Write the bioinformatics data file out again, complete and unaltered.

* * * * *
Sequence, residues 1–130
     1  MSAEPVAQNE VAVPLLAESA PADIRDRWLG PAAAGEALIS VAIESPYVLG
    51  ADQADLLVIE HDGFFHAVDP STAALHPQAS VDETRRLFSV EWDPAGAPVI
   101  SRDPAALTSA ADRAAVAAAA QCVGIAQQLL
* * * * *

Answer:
Sequence, residues 1–130
     1  MSAEPVAQNE VAVPLLAESA PADIRDRWLG PAAAGEALIS VAIESPYVLG
    51  ADQADLLVIE HDGFFHAVDP STAALHPQAS VDETRRLFSV EWDPAGAPVI
   101  SRDPAALTSA ADRAAVAAAA QCVGIAQQLL